On March 15, 1848, the governor of the Bank of France, Antoine d'Argout, faced the potential collapse of his institution. A cascade of agricultural and industrial shocks, rising food prices, spikes in unemployment, and currency outflows struck at the heart of the French economy. At the same time, France, and Europe more broadly, had dissolved into armed revolution. The French king's abdication in February, alongside the already teetering financial system, resulted in massive bank runs that toppled a substantial part of the Paris banking system. Dramatic monetary contraction and the collapse of credit markets choked off sources of economic growth. Across Europe, proposals for action polarized three broad coalitions—liberals, radicals, and conservatives—each of which differed about the pace and extent of democratization. With the provisional French government lacking legitimacy and even facing bankruptcy, a state bailout seemed unlikely.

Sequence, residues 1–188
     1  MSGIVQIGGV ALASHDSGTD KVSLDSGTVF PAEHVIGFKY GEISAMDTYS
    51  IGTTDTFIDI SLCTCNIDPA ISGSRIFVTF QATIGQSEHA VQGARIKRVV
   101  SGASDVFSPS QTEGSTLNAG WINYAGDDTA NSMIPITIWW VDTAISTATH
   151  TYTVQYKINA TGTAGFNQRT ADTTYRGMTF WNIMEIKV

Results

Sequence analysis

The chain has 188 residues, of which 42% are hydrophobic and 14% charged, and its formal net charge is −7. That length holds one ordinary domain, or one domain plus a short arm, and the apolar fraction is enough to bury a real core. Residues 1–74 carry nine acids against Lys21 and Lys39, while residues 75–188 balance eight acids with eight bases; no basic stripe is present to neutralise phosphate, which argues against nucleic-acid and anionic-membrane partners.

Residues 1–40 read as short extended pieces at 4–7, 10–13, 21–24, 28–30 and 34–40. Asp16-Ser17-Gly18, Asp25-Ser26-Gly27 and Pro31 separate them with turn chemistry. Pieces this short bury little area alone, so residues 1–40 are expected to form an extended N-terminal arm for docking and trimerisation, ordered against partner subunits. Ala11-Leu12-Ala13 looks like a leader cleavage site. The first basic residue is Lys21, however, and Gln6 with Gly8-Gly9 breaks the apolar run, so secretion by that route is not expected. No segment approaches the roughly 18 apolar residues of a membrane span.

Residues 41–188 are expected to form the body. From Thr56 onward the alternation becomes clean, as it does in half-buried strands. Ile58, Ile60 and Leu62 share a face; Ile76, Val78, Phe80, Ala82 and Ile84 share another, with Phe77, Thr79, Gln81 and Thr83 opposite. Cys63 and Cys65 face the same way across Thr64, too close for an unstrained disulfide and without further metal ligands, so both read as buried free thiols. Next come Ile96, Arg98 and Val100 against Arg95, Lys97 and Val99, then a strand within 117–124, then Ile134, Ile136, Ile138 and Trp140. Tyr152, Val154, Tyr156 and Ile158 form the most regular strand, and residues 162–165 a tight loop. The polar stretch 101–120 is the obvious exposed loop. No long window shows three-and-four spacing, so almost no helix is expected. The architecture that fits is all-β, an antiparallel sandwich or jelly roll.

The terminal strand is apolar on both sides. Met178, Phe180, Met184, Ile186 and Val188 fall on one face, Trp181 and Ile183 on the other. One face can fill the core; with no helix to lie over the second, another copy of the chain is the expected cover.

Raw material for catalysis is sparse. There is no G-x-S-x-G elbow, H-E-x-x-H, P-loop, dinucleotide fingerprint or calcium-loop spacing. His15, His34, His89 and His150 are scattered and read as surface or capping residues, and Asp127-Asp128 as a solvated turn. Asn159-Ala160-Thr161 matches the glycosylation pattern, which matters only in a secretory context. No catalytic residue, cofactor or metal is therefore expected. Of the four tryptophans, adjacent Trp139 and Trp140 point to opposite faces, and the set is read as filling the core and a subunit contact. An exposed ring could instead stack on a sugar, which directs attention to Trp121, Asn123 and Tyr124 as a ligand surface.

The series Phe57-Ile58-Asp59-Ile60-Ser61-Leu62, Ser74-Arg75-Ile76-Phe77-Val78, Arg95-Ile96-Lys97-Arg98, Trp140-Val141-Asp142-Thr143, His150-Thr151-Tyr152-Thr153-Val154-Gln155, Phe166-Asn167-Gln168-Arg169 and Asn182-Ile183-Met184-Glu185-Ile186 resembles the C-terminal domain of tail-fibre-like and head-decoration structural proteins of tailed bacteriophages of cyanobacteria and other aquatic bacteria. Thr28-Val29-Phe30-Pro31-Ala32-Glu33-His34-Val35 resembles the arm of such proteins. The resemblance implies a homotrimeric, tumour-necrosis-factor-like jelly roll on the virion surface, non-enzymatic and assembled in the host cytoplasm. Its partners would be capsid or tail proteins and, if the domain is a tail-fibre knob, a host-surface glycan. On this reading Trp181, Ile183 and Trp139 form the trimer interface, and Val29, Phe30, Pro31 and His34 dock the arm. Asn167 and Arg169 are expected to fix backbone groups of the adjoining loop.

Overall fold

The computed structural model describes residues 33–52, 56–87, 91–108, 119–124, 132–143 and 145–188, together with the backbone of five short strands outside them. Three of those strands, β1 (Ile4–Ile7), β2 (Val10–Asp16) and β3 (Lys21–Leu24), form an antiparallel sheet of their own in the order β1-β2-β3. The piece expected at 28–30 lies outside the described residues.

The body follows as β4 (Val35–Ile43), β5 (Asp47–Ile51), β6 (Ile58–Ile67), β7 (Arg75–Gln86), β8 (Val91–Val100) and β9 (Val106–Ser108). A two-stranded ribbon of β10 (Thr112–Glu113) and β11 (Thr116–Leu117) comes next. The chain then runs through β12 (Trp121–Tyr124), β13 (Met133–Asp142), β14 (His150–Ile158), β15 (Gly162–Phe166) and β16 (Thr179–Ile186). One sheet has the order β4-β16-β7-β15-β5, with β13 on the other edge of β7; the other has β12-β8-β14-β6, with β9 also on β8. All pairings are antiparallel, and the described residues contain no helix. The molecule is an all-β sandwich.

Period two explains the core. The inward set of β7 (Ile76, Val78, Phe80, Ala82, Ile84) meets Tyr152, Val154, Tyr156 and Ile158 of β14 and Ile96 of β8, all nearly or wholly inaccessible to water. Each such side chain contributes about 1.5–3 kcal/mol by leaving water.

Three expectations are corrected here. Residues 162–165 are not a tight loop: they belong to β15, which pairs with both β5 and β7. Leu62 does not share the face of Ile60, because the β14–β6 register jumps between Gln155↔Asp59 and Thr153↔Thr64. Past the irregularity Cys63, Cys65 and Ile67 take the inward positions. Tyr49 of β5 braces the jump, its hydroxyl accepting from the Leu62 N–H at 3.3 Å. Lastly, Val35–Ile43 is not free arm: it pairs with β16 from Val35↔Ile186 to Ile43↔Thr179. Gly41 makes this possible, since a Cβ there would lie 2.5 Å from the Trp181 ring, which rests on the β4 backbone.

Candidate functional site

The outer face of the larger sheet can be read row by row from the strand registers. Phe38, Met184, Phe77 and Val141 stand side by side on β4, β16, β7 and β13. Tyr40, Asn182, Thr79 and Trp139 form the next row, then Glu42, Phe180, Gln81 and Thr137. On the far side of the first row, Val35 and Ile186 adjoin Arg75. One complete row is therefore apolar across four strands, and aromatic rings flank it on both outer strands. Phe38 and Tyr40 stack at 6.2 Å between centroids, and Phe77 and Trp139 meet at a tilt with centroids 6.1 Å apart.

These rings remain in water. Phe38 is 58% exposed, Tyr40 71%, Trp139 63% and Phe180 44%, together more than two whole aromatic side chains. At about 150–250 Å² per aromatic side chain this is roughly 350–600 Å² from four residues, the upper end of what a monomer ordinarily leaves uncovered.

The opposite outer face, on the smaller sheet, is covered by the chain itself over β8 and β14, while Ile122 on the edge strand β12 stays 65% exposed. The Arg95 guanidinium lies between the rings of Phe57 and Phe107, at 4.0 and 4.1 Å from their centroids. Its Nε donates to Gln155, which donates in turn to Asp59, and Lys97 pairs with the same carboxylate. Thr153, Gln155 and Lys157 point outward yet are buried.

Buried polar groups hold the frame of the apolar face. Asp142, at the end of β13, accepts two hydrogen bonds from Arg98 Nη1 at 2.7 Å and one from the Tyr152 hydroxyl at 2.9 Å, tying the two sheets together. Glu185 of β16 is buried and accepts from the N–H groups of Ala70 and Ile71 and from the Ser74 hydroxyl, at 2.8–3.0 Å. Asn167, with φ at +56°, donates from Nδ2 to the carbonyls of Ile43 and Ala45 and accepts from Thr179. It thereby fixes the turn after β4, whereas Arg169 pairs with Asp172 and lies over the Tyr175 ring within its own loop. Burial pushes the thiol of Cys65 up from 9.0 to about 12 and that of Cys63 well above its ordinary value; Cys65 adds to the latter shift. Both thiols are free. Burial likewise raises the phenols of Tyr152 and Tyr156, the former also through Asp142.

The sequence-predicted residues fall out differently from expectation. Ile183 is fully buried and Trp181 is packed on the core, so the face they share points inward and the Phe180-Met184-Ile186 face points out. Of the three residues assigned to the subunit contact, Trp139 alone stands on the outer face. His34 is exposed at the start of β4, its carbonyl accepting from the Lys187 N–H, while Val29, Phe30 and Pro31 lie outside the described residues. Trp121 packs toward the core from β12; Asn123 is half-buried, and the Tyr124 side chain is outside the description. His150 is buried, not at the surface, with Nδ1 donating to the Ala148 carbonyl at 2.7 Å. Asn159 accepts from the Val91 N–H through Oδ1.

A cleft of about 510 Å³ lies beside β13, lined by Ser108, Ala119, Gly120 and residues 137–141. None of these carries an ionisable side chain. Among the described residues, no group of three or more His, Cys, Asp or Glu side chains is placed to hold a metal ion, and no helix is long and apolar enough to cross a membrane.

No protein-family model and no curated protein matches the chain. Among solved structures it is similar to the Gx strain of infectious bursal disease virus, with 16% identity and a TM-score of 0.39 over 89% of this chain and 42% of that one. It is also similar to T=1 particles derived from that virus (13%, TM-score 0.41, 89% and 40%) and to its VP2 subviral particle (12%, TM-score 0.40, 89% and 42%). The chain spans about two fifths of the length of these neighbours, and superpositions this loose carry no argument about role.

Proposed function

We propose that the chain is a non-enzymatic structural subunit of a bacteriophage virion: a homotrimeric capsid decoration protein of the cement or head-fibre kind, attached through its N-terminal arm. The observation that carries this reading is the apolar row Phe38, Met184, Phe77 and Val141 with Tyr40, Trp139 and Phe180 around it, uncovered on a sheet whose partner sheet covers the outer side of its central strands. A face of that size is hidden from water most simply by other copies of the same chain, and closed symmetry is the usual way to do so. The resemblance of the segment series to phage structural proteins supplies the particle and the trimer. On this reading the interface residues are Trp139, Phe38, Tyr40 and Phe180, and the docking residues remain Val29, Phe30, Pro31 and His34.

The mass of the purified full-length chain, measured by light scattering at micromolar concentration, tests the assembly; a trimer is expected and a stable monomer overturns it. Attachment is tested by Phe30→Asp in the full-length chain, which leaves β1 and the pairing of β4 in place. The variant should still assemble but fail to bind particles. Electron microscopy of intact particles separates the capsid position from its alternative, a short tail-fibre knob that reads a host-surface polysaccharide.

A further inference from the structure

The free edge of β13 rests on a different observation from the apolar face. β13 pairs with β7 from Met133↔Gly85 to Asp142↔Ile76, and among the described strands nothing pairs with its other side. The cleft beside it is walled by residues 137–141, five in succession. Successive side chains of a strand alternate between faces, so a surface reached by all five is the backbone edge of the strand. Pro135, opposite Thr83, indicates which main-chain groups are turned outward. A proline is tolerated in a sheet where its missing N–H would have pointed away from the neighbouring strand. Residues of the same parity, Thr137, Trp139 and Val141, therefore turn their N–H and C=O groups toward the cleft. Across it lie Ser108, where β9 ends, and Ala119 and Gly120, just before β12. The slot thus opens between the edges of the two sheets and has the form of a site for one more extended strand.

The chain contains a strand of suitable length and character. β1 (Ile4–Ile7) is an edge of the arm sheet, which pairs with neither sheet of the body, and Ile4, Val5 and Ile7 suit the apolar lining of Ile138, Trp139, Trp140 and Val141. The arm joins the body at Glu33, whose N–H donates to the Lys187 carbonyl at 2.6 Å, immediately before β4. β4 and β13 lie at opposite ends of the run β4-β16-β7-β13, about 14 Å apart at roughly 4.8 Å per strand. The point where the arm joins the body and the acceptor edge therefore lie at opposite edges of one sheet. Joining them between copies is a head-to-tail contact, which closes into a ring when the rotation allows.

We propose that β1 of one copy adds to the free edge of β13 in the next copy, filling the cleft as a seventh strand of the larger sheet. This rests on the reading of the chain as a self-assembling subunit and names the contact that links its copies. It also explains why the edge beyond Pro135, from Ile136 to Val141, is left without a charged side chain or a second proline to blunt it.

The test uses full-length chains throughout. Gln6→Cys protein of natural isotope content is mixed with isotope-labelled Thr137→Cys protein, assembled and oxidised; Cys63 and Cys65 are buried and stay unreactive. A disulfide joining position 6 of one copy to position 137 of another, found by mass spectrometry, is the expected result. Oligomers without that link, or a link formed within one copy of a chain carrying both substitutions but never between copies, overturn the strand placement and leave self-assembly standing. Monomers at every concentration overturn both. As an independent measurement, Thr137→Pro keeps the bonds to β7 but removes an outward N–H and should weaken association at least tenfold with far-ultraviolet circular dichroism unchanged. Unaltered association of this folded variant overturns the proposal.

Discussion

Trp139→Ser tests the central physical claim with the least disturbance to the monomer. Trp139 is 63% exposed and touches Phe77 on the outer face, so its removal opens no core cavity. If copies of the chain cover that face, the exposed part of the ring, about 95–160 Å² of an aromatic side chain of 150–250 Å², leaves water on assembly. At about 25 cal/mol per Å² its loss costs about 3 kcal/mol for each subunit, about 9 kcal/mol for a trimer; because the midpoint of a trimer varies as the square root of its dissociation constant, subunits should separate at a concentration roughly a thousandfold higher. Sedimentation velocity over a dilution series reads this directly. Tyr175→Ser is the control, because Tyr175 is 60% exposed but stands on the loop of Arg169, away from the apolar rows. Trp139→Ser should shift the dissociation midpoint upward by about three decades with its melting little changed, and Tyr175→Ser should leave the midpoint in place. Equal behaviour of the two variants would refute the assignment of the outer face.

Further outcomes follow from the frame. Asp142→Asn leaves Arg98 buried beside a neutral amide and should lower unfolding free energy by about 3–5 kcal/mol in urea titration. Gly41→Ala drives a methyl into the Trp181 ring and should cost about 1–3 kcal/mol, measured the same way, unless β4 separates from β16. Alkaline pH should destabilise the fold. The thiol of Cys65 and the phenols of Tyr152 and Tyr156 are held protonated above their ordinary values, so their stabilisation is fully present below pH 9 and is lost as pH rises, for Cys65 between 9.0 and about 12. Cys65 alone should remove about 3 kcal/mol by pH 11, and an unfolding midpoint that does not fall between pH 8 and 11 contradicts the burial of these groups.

This B case discusses d'Argout's actions and offers an overview of the economic and political events that followed.